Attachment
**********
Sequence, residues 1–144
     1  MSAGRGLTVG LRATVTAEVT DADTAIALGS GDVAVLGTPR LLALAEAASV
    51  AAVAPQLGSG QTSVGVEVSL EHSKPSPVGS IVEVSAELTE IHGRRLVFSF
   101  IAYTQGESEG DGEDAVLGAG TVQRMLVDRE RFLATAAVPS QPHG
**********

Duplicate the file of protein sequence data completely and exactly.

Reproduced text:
Sequence, residues 1–144
     1  MSAGRGLTVG LRATVTAEVT DADTAIALGS GDVAVLGTPR LLALAEAASV
    51  AAVAPQLGSG QTSVGVEVSL EHSKPSPVGS IVEVSAELTE IHGRRLVFSF
   101  IAYTQGESEG DGEDAVLGAG TVQRMLVDRE RFLATAAVPS QPHG